This is but the surface of a complicated context full of passion where the wearing of dress can carry a symbolic and political charge. Those on different sides need to attend too to the paradoxical effect their views may have; one young niqabi told me that she felt the need to put on her face-veil and long black robe because otherwise people (i.e. non-Muslims) would not be interested to hear her opinions! More broadly, the multiply changing dress-codes among Europe’s Muslims suggest that (as Annelies Moors argues) the word “fashion” may in most cases be a more appropriate descriptive of their choices. This form of diversity is spreading in Europe as a consequence of the fragmentation-cum-globalisation of Islamic knowledge, what some have called “cut-and-paste” Islam. In addition, the fine work of Olivier Roy shows that many “religious” practices among Muslim young people in Europe are the product of peer-pressure rather than of knowledge of the the faith.
Between rejection and respect
Many critics argue that the existing French anti-religious-symbols law (passed in 2004) aims to protect Muslim women from the impositions coming from their religious community and from male members of the family. But even in cases of real oppression, how useful is a law that forbids the practice of total covering if as a result a woman is confined to the walls of her house? A number of scholars – Cécile Laborde and Martha Nussbaum among them – rightly holds that forbidding by law a “symbol” of perceived oppression does not equate with solving the oppression problem. It might even produce another form of oppression, of coercion of conscience on the part of the state, which would go well beyond reasonable concerns and security priorities.
The way that the issue of Muslim women’s dress is acquiring a pan-European dimension is indicated by the spread of concern about the “veil” to Spain, Italy and Austria. My research team and I have recently completed fieldwork with Muslim women in Spain and Italy, and we clearly detected fear and paranoia among our respondents. I have long stated in relation to the situation of Islam in Italy that although some issues were problematic (inconsistent immigration laws, restrictive access to citizenship), the veil was definitely not a concern – if anything because Italians (and Spaniards) were used to seeing and interacting with nuns. The situation has now reversed; the “non-issue” of the veil has been “imported”, and it polarises people.
Spanish and Italian local authorities have begun to propose or pass legislation against veiling (which has also attracted the support of national politicians, including from the left); but concerns had been latent for some time. Most of our interviewees in Zaragoza mentioned cases of women forced to take off their headscarves in order to be able to take up jobs. In Turin we detected fear among the women we approached in the streets; many educated and articulate Muslim women of Moroccan origin complained that when they went to public offices regarding citizenship or residency status, they would be treated with disrespect and as idiots. A young Italian convert told us how frustrated she felt when, the moment she started wearing the hijab, people in shops and in the street began to address her with the tu (“you”, singular) form and insisted she could not possibly be Italian, whereas before they would use the more formal lei (“you”, third person) form in similar situations.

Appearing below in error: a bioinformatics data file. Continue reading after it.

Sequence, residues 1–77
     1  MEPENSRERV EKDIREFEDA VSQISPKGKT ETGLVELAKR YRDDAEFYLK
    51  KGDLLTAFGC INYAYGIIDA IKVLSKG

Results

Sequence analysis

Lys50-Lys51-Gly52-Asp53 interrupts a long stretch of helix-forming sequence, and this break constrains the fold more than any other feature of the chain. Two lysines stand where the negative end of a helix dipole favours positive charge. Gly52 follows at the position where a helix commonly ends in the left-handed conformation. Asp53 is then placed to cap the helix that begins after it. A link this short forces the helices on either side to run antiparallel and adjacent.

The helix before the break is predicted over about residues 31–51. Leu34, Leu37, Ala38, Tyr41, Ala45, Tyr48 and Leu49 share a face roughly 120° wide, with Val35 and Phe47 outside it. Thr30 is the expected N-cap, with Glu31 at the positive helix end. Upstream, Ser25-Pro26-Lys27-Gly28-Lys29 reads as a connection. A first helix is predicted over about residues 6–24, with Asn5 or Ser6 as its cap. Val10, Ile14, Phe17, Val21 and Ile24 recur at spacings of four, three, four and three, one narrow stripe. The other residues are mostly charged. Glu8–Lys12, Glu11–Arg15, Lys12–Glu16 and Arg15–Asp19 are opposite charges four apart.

Many Muslims have become very anxious about such developments, and middle-eastern governments and media often publicise Europe’s apparent anti-Islamic attitudes. Yet the situation may be more one of contradictory policy choices and attitudes coexisting, rather than of outright prejudice. In Paris, our French interviewees denounced general discrimination and vehemently criticised the 2004 law, but surprisingly did not want to comment much on the anti-burqa law: they saw it as something unwelcome but at the same time distant. It is not that many French Muslims would endorse this mode of dress (and indeed some Muslim activists in principle support the ban) but they feel scarred by a state that has increasingly interfered in religious matters in a way that appears to target Muslims.
Between state and individual
Many non-Muslim Europeans demand the “integration of Muslims” and the end of Muslim women’s “oppression” symbolised by the hijab; many Muslims (including women) respond by rejecting an oppressive stereotype and asking for a reform of citizenship laws as a way to integrate. Many Muslims across Europe are also opposed to niqabs and burqas and worried about creeping Salafi fashions that are alien to the cultural traditions (western European, Turkish, Moroccan, Egyptian, Pakistani, Bangladeshi, Somali…) of most Muslims in Europe. But they are also worried about the inability or unwillingness of non-Muslim publics and lawmakersto see that Muslim individual agency also underlies religious or quasi-religious beliefs and practices, and about the patronising tendency to define their campaigns as a way of protecting Muslims from their own oppressive religion.
The problem with the laws that are currently being discussed across Europe – even if, as has been seen, several have a long way to go to become effective – has a lot to do with the tone of discussion, and with the contradictory approach of European countries in matters relating to freedoms and diversity. The practice of talking to Muslims in antagonistic and aggressive terms, in particular when so many are citizens (as in Belgium, France or Britain) or aspiring citizens (as in Spain or Italy) is not an ideal way to promote the notion of a cohesive society with sharedvalues working for the common good. Most political and popular talk in Europe these days tend to revert to the question of integrating and educating Muslims. Maybe a collective reflection and education effort in the direction of respecting the individual is more urgently needed.